Saturday, March 25, 2006


I have a conflicted relationship with Johnny Cash. I suspect many others do, too. On the one hand, I gotta love the guy – I’m an American, and it’s pretty much the law; has been since the first volume of American Recordings came out. (Even though only the second volume in that series, Unchained, was anything really special.) On the other hand, as I’ve already started to admit, his latter-day output was pretty deadly at times. No one should sing “Bridge Over Troubled Water.” Ever. Period.

But can you fuck with most of the earlier stuff people know him best for? I submit that you cannot. The live version of “Cocaine Blues” from Folsom Prison is one of the most aggressive and harrowing musical performances I’ve ever heard, in any genre. And “Sunday Morning Coming Down” is simply beautiful.

I just got a three-CD set of Cash’s Sun recordings in the mail from Time-Life this week. The box, compiled and liner-noted by Colin Escott (who put together a superlative Hank Williams triple disc last year) advertises itself as featuring the rawest versions of these songs available – so, in some cases, backing vocals and strings that were tacked on after the initial session have been shaved away, revealing the songs as simple guitar-guitar-bass rumbles. And in that form, they’re astonishing. Stark, convulsively alive, and almost impossible to stop listening to once you’ve begun, these 61 songs are a chunk of on-the-fly brilliance up there with the Hot Five sides or the BYG sessions of August 1969. There are classics identified with Cash – “Cry, Cry, Cry,” “Hey Porter,” “Folsom Prison Blues,” “I Walk The Line,” “Guess Things Happen That Way,” and a shitload more – but there are also takes on canonical cuts like “I Forgot To Remember To Forget,” “Hey, Good Lookin’” and “Rock Island Line,” among others. What’s more, they posit Cash as someone who emerged into the world virtually fully formed. His image as a stoic, somewhat gloomy and haunted man was in place from the first note he rumbled into the microphone.

Similarly, Roy Orbison was who he was almost from the dawn of his career. Sure, there were a couple of upbeat rockabilly-esque tunes early on (“Ooby Dooby,” “Go, Go, Go”) at Sun, but by the time he landed at Monument, he had found his path to glory. Where Cash was stripped down, his monochromatic wardrobe indicating his artistic single-mindedness, Orbison was a high priest of torment, and dressed the part. I recently wrote that most emo bands were singing the same old lovelorn lyrics that have been on offer in pop music from Frankie Lymon to Ian Curtis, but Roy Orbison took teenaged torment to a level perhaps imagined by, but utterly out of reach of, all peers and putative competitors. His frankly unearthly voice – again, the opposite of Cash’s nearly subterranean rumble – inflated his lyrics to operatic scale. The Essential Roy Orbison, 40 tracks on two CDs out this week from Sony/Legacy, gathers all most will ever need from the guy, and listening back to his classic singles is a breathtaking experience. If teenagers from time immemorial have believed their love problems to be unlike those experienced by anyone before or since, they have their eternal anthem in his track "Crying." At the climax, when Roy Orbison sings, “Yes, now you’re gone/And from this moment on/I’ll be crying,” with the strings rising almost to a roar behind him, it’s like the fucking Apocalypse. Cash was manly restraint, but Orbison was equally masculine in his florid ecstasies of agony. And while both men worked with producer Rick Rubin, Orbison got the better results. The last song on Disc Two of The Essential Roy Orbison is “Life Fades Away,” from the soundtrack to the movie Less Than Zero. Co-written by Orbison and third-generation dark rocker Glenn Danzig, it’s got all the soaring strings and thundering drums and acoustic-guitar-the-size-of-a-building of the classic Monument sides, along with a lyric that takes off from doomed love, incorporates a little “Seasons In The Sun” I’m-dying-now-but-remember-our-love weeping, and winds up as sort of the ultimate Roy Orbison track because it’s so clearly aware of all the ones that led up to it. And when he, by then middle-aged, hits the incredible high notes on the song’s final chorus, if chills don’t run up and down your body, check your pulse.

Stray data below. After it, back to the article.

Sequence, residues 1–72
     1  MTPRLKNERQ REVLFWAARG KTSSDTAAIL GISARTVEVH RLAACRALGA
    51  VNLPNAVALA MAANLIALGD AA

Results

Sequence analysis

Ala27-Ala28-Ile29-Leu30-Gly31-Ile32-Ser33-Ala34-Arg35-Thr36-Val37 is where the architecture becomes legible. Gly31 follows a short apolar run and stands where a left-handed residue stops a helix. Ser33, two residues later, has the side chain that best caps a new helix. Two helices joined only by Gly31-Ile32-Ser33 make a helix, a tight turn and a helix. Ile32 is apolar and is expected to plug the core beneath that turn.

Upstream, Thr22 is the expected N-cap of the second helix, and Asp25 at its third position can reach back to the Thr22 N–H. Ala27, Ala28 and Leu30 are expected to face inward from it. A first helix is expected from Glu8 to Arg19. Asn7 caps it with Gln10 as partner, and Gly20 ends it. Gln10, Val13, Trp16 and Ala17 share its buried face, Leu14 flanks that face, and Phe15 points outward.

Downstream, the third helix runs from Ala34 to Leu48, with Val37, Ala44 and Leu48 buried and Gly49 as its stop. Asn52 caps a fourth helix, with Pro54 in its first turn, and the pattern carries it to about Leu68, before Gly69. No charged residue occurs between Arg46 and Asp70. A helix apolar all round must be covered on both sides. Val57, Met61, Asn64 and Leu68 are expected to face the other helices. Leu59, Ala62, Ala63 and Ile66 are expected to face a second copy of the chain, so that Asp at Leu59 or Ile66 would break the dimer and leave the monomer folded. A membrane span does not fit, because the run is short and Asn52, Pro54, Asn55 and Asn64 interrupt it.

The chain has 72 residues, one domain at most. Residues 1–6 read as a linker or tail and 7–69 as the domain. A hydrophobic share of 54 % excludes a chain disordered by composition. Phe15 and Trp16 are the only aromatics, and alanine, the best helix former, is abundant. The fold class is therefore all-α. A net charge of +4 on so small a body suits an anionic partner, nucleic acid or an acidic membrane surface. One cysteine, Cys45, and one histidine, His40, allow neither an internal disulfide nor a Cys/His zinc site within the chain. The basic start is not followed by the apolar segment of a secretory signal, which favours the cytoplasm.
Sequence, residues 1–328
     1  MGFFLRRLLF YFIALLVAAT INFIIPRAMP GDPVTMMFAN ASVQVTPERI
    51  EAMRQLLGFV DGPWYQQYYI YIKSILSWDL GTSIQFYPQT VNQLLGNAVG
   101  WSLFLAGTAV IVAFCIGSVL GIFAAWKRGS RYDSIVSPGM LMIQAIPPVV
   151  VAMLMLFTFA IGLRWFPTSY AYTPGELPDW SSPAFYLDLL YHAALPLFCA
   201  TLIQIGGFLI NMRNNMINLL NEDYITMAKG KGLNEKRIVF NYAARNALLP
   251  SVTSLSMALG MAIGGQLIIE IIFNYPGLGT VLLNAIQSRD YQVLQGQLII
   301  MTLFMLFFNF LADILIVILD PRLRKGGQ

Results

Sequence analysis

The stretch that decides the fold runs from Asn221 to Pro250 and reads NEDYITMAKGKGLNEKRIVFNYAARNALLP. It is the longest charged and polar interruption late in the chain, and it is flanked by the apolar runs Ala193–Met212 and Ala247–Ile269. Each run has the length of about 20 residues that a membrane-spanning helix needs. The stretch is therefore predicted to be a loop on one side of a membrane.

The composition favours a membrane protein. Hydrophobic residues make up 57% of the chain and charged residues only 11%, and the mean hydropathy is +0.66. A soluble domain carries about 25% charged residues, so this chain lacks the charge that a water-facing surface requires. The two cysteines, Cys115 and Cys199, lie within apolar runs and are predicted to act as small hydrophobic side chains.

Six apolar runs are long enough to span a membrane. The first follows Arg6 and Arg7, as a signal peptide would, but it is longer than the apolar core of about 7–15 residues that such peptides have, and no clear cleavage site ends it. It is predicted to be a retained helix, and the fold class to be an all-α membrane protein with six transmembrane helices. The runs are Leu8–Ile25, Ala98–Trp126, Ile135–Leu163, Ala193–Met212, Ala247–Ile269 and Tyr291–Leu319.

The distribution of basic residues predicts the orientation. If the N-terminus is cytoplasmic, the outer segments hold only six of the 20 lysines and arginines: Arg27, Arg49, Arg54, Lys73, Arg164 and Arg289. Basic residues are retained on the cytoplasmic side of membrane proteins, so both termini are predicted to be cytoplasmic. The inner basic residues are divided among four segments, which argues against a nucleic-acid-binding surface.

So yeah – Johnny Cash, American icon, noble guy, cooler than a very cool thing, yeah. But it’s that very coolness, that far-from-effortless façade, that makes his work something I only listen to once every few years. Roy Orbison, on the other hand, tore open his chest and exposed his bleeding heart on every one of his classic singles (okay, maybe not “Workin’ For The Man”), and that kind of lush, grandly quixotic statement seems to me somehow even more quintessentially American, and something I’m much more likely to wallow in on a regular basis.

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